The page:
Gifted children have so many needs when it comes to their academics.
- Are they being challenged in the right way?
- Are they allowed to think creatively?
- Do teachers allow gifted students to suggest an alternative assignment?
- How do we know if they are at the correct level of challenge that they need?
The list can go on and on.
While we may worry about the academics of our gifted students, they have very different needs when it comes to their social emotional needs. Many parents that I have had contact with are always worried about their students social life, emotional needs, and ability to communicate their needs to others.
These are very valid concerns to have when you have a gifted child. Often, gifted students have a hard time communicating with peers their same age because they can’t hold a conversation about football or tv shows since they are busy working on coding a new game or collecting bugs to analyze. Sometimes gifted children look down on their peers because they can’t hold an intellectual conversation with kids their own ages, so they gravitate to adults and their conversations.
The problem with this is while they might be able to partake in the discussion, it doesn’t mean they can cope with the emotions that conversation may bring up for them later. As adults, we have probably been talking about COVID-19 a lot in front of our children without really understanding how this might impact them emotionally. (Or we have the news on in the morning and just let it play while they eat breakfast.) Our kids, gifted or not, are absorbing this information, but they don’t know how to process it emotionally. My five year old is constantly asking about the virus and why I have to wear a mask in the store. She sees it and knows something isn’t right, but cannot understand emotionally why something is wrong. We are now dealing with being afraid of the dark and watching the Storybots episode on viruses on repeat to assure her that our bodies know how to keep us safe and healthy. So while she understands the conversations and asks questions, she still has the emotional capacity of a five year old.
Even as an educator, I forget sometimes that gifted kids are still just kids. I work on processing big things with my gifted students when I can tell they are having a hard time with something going on in our world or our school. I allow them to ask me questions and I do my best to answer them. I do my best to create a safe place for them to express their emotions and interact with their peers on that level.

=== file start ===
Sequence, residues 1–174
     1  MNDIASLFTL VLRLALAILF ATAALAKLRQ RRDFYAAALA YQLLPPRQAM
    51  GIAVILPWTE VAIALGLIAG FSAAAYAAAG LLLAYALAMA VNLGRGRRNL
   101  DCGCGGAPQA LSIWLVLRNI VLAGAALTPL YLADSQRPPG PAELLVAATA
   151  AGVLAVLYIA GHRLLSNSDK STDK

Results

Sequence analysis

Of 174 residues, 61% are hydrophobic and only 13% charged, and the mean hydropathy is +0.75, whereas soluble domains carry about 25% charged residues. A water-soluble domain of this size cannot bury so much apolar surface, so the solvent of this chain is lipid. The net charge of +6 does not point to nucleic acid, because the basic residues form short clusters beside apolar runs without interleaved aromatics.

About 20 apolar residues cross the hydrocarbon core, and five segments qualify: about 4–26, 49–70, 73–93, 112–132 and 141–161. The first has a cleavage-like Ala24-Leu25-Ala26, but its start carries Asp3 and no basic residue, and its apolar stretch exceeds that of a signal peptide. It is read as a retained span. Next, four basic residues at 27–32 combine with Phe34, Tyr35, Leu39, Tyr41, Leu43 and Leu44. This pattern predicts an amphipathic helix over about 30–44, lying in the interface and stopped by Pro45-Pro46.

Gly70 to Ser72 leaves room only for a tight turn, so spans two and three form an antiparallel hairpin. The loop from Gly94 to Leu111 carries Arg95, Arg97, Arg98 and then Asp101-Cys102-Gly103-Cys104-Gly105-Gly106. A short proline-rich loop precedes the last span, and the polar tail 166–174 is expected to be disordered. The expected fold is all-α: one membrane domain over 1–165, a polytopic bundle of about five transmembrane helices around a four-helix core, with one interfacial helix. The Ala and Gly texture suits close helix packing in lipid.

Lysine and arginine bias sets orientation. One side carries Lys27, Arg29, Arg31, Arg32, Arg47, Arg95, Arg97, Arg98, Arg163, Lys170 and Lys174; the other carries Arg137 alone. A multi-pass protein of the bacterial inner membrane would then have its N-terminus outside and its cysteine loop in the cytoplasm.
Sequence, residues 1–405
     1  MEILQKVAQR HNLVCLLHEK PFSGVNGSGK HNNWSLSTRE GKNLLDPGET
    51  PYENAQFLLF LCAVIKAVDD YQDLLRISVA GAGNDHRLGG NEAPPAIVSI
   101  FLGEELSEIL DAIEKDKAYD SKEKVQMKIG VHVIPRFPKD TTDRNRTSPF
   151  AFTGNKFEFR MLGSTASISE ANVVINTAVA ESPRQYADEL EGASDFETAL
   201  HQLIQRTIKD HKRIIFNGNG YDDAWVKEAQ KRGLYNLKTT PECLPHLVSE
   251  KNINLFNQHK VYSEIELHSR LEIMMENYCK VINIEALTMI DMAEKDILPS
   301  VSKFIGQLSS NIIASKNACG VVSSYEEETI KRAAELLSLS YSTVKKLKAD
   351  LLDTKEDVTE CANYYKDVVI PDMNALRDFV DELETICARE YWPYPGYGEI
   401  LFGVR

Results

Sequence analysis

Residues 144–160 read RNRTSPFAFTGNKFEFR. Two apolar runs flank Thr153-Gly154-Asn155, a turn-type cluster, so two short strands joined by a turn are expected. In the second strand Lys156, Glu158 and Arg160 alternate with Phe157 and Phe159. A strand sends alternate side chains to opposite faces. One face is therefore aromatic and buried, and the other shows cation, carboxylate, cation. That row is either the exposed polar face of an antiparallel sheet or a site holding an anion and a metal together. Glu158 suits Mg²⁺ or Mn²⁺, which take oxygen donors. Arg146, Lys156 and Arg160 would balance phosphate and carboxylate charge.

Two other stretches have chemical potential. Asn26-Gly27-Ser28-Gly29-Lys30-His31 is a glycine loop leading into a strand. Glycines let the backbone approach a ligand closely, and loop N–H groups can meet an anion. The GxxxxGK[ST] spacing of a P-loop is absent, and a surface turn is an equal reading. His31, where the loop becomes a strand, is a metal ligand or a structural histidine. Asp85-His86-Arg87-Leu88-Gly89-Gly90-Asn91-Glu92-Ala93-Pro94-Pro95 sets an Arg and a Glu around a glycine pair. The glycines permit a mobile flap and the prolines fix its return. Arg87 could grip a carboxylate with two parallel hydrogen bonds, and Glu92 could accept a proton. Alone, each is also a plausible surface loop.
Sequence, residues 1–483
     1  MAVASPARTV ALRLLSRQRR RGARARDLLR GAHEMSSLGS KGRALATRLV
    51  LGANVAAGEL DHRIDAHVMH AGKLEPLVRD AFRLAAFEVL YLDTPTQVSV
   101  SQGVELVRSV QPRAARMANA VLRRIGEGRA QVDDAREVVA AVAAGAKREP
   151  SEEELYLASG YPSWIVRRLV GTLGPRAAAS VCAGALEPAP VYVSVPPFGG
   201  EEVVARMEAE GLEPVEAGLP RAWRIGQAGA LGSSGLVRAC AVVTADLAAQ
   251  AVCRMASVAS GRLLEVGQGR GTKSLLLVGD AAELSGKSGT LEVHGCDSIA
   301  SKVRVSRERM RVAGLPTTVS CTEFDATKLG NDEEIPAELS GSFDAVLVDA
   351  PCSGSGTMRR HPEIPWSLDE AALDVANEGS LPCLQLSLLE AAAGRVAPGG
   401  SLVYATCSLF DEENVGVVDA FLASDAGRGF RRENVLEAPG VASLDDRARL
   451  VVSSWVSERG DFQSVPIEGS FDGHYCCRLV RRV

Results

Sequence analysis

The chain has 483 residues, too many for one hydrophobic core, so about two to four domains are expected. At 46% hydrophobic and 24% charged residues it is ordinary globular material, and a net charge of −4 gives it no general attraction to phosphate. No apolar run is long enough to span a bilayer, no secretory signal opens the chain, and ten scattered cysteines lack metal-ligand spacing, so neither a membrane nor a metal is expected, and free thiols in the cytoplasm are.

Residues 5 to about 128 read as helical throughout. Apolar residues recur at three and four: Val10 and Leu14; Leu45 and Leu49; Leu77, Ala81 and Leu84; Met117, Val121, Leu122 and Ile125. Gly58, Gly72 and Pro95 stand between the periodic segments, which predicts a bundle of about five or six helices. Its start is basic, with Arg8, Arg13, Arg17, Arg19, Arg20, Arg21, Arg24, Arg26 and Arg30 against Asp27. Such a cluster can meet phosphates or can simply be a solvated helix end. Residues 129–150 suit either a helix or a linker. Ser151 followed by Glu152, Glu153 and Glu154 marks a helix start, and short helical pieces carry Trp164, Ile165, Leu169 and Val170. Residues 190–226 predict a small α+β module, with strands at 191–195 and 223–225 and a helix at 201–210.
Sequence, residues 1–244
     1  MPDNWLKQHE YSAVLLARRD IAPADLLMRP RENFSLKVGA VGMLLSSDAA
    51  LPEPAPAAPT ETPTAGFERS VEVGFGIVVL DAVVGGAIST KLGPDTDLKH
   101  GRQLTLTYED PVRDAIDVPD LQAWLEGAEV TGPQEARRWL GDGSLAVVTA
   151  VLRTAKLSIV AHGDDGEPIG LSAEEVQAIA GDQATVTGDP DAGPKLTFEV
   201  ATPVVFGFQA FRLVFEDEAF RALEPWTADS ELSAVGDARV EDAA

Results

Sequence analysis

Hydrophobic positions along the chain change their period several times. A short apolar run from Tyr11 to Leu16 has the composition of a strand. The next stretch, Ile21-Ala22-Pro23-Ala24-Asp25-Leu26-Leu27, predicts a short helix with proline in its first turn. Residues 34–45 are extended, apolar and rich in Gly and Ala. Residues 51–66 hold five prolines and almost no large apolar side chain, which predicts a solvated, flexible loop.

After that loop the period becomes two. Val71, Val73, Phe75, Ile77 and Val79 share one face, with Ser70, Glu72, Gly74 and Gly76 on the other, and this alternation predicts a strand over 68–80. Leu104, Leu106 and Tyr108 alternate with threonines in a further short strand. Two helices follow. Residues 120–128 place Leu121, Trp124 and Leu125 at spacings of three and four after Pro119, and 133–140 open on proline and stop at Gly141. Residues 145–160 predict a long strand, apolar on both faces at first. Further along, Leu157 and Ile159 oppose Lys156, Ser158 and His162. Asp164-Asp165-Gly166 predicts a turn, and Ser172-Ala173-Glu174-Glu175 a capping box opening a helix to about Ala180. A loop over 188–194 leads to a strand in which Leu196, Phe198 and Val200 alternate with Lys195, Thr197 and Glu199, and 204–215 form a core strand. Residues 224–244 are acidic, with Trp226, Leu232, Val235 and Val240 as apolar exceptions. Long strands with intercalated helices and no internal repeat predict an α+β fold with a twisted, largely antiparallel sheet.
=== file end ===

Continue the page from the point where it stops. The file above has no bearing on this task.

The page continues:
My advice for parents is this: Set up playdates with kids their own age and encourage conversation through a game or toys. This allows them to be a kid still and learn that they can interact with kids their own ages. I would also encourage you to have conversations with them about how they should respond in different situations through demonstrating with dolls (or if you have an older gifted kid, just a scenario conversation.) Talk through different scenarios you have witnessed or teachers say they have witnessed with your student and how they interact with peers. For example: “Let’s pretend we are at the park. Your friend is there and wants to ride their bike, but you just want to sit on the swings longer and talk about bugs. Your friend starts to get mad and walks away. What should you do to be a good friend?” Now your kid may be fine with a friend’s reaction like that, but we want to encourage them to think about what would be a socially acceptable response. We would help guide them to answer something like, “I would go and see if my friend was ok and take time to ride my bike with them since we did what I wanted for a while.” Oftentimes we have to slow it down for the kids so they can see where the mistake was made and how to correct it.
When it comes to their emotional needs, you know your student best. If your gifted child is acting out or acting out of the ordinary, there may be an underlying emotional need that needs to be addressed. Take time out of your day at night before tucking them in to ask them how they are feeling about their day, an event, or something they may have heard that is impacting them. While our gifted children might be able to solve the most complex equations, they often can’t solve what their emotions are trying to tell them. They still need us to help them process those things even if those emotions might seem silly to us, they are very real to our kids.
The biggest thing you can do for your gifted student or child is be present with them when they are having a hard time connecting with age appropriate peers or dealing with big emotions. Find out the best way to have them share and let them share. This can be through play, through research, going for walks, horseback riding… Kids seem to be more apt to open up if they can be busy with something else as they talk. If they need someone else they trust to share with, then they help them get in touch with that person. A licensed child psychologist that is familiar with the needs of gifted students can help and do wonders for a kid because it’s someone they trust and not mom and dad telling them what to do. Like I said, the biggest thing you can do is be present with your kids in those moments and encourage them to keep trying to socialize with their same age group and express their big emotions when they can.